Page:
The Oak Motte Trail is a 2.1 loop trail that takes you through open prairie and wooded area. There are multiple ways to access the Oak Motte Trail. Visitors can start at the Hardwicke Interpretive Center, walk along the Prairie Trail and merge with the trail at a well located bench. An additional access point is the Bison Range parking lot. Walk along the pasture. This allows you entrance to the west side of the trail. Because of the variety of habitats, visitors are allowed to see a myriad of wildlife and plant life.
Since the Oak Motte Trail is diverse with grasslands and wooded areas, a variety of flora and fauna await visitors. In the prairie areas, many species of grasses are found, including Little Bluestem, Yellow Indiangrass and more. If you are interested in wildflowers, this is a great trail to see Winecups, Two-leaf Senna, Engleman’s Daisy and much more. Proceeding on the trail takes you through wooded areas with spiny trees such as the Hercule’s Club, Honey Mesquite and Honeylocust. Trees adapted to the Cross Timbers habitat, such as Blackjack Oak, Cedar Elm and Western Soapberry can be found as you traverse this trail.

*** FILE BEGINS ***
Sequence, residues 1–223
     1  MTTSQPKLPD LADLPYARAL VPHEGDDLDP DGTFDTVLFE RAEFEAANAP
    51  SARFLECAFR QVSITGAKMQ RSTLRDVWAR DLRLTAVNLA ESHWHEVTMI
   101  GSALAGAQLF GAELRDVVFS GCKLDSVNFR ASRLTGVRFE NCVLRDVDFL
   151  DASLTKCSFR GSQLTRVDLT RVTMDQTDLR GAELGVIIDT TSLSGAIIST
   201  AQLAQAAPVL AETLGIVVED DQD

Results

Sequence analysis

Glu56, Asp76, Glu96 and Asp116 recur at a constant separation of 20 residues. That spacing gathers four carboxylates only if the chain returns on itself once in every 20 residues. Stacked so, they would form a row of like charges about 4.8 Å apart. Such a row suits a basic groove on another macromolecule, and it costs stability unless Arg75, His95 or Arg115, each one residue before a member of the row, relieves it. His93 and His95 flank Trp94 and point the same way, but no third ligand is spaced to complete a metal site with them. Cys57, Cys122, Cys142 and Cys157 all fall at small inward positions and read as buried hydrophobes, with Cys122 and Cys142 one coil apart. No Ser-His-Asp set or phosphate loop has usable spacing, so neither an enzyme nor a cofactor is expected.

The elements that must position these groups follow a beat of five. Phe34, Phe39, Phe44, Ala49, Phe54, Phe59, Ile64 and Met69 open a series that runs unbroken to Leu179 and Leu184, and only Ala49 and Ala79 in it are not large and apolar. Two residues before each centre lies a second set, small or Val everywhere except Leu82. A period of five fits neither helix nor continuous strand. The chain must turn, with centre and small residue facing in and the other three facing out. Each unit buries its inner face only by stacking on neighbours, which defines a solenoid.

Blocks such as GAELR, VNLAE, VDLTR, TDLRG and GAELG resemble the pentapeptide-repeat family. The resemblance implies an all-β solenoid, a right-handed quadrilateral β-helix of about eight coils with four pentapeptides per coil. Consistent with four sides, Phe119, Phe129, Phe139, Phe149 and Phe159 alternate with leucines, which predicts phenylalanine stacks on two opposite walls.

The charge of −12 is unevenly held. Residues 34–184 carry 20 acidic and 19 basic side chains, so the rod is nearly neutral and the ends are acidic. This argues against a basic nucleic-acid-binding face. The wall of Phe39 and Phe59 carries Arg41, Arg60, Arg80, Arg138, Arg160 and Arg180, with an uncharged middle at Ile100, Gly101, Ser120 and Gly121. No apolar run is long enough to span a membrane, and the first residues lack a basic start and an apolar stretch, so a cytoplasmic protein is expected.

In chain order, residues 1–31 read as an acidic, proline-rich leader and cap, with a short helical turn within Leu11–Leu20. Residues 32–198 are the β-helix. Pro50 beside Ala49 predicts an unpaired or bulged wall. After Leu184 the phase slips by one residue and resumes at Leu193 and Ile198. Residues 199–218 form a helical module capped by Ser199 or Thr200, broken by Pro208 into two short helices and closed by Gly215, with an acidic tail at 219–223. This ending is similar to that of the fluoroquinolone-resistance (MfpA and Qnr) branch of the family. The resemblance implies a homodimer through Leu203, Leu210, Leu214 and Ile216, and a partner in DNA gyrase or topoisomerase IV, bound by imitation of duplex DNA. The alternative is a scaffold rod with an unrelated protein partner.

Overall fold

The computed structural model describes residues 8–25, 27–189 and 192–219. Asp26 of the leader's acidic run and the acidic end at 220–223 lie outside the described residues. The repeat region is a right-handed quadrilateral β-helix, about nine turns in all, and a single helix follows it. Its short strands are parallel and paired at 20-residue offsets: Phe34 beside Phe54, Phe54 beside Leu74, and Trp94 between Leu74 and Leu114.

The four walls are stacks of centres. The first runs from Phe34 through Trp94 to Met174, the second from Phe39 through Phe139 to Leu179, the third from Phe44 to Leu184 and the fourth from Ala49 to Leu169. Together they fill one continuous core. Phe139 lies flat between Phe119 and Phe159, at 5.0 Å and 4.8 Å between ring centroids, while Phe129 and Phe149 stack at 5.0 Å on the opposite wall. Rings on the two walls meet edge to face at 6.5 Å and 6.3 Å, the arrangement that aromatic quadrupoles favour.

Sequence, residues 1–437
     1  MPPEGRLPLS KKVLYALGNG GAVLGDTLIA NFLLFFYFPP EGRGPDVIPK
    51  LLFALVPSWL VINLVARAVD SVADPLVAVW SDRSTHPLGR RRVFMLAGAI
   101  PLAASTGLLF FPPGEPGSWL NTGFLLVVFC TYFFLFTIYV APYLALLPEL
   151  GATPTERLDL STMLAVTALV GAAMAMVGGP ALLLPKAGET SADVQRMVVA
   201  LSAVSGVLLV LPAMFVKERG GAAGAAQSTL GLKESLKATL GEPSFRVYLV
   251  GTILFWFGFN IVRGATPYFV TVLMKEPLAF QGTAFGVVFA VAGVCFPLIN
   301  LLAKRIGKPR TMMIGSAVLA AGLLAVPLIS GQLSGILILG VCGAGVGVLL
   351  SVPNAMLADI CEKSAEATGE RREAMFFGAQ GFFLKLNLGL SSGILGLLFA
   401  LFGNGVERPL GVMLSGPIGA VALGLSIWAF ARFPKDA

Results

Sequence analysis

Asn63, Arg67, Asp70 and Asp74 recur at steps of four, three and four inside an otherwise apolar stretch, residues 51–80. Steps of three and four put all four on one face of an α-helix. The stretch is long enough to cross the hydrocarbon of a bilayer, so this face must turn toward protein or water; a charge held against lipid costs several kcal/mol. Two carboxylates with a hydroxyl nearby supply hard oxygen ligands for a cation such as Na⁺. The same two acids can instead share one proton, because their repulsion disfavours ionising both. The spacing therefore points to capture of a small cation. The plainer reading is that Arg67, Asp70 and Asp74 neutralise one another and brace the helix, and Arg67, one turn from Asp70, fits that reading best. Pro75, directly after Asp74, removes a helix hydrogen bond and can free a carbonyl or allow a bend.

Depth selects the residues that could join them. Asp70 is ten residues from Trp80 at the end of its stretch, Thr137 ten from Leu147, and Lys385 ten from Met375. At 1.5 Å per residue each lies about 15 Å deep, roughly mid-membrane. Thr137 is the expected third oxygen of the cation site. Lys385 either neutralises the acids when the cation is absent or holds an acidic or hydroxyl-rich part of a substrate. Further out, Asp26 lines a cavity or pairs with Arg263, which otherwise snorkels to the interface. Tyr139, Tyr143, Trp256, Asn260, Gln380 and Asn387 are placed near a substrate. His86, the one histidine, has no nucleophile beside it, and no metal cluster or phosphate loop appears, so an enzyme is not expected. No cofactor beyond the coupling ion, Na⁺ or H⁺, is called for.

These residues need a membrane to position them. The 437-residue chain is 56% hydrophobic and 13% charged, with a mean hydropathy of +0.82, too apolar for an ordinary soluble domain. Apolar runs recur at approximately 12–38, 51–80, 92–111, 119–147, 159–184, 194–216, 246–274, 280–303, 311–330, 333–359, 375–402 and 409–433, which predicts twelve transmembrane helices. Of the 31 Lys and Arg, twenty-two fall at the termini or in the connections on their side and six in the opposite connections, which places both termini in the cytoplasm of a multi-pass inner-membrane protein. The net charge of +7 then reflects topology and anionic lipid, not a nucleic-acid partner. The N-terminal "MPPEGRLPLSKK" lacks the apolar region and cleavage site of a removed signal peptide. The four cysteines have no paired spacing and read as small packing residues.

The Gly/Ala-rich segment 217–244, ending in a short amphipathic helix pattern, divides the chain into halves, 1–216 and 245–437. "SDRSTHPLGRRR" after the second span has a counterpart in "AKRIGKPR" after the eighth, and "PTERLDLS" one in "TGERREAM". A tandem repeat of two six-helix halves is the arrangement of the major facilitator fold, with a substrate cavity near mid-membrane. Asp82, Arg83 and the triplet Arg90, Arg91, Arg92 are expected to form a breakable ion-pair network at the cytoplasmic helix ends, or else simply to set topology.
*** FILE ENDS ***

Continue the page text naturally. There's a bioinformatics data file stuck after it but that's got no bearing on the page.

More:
Hiding among the many trees and the grasses are all forms of wildlife. During spring and fall migration, migrants such as warblers, orioles and others take advantage of this trail to refuel with food, rest and relax during their long flights. Keep your eyes open for our native reptiles disguising themselves such, as Western Coachwhips, Texas Spiny Lizard and more.
The Oak Motte Trail takes you to the Prairie Dog Town. Through the fence, you can capture glimpses of our social rodents as they are busy eating, playing and barking. During the winter months, you will find them insulating their tunnels with vegetation to keep them warm. In the spring and summer months, they can be spotted playing under the sun. The prairie dogs are not the only mammal you will find along this trail. During the year, the bison are rotated throughout the Refuge in a series of pastures. The Oak Motte Trail has land set aside for them for grazing and for public viewing.